This certificate does not need to be translated or legalized.

For all the other countries that have not ratified the Munich Convention of 1980, you will need the above-mentioned “Nulla osta” (certificate of no impediments to your marriage).
Differently, if you are a non-EU citizen and do not live in Italy, in addition to the “nulla osta,” you shall submit the additional documents required by Article 51 of Presidential Decree 396/2000 that demonstrate that you meet the legal requirements.

In countries that adhere to the Aja Convention of 5 October 1961 concerning the abolition of the legalization of foreign public documents, the need to legalize the documents and documents issued by foreign authorities (nulla osta) is replaced by another formality: affixing the “apostille.”

Therefore, those who come from a country adhering to the aforementioned Convention do not need to go to the Consular Representation and request legalization, but can go to the competent internal authority designated by each State – and indicated for each country in the act of accession to the Convention itself (usually the Ministry of Foreign Affairs) – to obtain the affixing of the apostille on the document.

This document is automatically recognized in Italy.

The updated list of countries that have ratified the Hague Convention (Aja Convention) and the one of the competent authorities that can affix the apostille for each State is available on the website of the Aja Conference http://www.hcch.net/

As you may know, an identification document such as a passport will be required either.

Good advice is to check the validity of documents (not expired) in time and make sure that everything is perfectly intact and legible and shows the same name, as in several surnames.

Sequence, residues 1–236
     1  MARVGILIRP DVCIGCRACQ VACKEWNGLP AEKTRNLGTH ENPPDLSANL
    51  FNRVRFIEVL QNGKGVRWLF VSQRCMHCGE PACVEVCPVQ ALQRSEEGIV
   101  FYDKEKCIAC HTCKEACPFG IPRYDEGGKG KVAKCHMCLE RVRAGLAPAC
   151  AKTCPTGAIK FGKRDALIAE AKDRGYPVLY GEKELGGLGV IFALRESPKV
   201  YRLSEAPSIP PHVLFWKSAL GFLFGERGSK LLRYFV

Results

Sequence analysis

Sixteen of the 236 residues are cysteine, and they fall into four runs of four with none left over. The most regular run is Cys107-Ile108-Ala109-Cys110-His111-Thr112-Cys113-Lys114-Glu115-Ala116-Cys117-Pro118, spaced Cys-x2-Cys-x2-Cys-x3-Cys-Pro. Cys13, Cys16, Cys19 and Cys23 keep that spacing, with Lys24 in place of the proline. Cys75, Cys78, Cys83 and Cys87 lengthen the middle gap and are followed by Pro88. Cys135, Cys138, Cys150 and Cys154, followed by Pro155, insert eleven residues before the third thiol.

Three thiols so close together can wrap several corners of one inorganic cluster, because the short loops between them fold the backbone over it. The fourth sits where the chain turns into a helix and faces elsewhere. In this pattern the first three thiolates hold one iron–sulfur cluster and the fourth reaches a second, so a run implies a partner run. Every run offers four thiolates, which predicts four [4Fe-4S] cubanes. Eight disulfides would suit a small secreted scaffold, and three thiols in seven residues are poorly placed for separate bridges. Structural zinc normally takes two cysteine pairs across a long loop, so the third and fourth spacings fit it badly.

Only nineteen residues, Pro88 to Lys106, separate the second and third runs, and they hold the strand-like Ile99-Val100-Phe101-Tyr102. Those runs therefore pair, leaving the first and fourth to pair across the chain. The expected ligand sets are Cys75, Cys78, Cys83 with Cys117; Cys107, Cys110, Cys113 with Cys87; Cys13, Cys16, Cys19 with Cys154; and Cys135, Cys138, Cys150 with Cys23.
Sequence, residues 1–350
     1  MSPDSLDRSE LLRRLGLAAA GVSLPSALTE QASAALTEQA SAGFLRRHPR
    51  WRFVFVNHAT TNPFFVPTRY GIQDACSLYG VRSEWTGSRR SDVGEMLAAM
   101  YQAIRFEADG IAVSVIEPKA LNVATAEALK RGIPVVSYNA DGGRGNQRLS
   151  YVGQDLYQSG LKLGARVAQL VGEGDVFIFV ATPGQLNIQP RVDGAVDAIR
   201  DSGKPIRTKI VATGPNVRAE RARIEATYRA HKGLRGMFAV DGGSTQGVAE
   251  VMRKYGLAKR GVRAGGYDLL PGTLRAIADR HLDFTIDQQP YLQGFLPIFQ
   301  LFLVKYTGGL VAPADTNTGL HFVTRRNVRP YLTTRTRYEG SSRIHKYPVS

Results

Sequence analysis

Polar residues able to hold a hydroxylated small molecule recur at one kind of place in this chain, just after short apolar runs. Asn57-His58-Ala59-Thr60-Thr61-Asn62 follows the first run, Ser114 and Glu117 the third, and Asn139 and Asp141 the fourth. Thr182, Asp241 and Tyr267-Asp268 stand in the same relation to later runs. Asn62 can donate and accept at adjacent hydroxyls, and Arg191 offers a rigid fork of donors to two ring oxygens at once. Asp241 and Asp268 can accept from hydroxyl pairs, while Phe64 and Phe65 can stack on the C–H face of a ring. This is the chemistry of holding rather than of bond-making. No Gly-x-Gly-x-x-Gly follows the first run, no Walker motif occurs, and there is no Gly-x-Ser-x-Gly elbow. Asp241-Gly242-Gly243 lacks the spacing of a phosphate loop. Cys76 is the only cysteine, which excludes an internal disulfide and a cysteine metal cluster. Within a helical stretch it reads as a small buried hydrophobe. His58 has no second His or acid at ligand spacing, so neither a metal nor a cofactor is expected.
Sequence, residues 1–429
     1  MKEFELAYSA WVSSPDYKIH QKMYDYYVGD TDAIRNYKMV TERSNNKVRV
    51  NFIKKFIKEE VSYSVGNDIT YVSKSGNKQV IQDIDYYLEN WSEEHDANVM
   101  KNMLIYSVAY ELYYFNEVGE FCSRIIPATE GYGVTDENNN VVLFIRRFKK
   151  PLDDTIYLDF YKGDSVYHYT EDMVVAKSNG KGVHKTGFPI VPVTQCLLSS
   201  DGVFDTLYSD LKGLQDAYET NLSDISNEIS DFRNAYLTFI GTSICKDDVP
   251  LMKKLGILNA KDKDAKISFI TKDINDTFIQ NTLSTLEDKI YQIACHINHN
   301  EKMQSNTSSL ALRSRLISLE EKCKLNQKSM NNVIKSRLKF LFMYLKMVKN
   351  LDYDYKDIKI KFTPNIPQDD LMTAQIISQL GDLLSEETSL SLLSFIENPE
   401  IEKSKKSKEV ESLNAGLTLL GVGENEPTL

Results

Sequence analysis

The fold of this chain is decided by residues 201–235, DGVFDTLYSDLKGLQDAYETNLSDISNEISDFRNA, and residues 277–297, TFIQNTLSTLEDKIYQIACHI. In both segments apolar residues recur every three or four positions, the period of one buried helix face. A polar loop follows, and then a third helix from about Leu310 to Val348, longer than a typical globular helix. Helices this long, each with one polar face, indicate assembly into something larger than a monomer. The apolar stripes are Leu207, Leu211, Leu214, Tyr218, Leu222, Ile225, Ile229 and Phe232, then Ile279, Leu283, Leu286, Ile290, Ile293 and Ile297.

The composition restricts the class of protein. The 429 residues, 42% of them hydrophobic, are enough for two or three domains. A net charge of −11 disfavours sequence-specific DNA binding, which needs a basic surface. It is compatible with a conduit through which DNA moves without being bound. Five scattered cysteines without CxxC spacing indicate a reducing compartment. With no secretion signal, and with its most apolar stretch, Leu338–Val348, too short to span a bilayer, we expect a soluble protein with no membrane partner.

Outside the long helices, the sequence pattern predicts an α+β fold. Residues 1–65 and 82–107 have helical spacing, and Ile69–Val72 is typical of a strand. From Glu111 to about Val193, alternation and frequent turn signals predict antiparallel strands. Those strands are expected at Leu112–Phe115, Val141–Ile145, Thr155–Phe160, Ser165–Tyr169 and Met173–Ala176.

By law, even those who are political refugees can marry in Italy.It will be sufficient to present a certificate attesting their refugee status issued by the Alto Commissariato of the United Nations.

A Civil wedding ceremony in Italy performed before an Italian official.

Special requirements: Minors and previous marriages.

There are also specific cases in which Italian law requires additional requirements, even for foreign citizens, so that a marriage is legally valid:

1) Divorced women cannot marry before three hundred days from the issue of the divorce decree;

2) In the case of a widowed person, the certificate of the first marriage and the death certificate of the deceased spouse is required;

3) In a marriage between foreign minors, the Italian law requires the Juvenile Court (Tribunale dei minori). However, to get legally married -in any case- the couple must be at least 16 years old.

Additional documentation may be required if the foreign couple wishes to celebrate a Catholic wedding, such as the baptism certificate or a certificate attesting attendance at a premarital course or, sometimes, permission granted by the minister for the validity of the rite.

A Wedding in Tuscany inside a vineyard.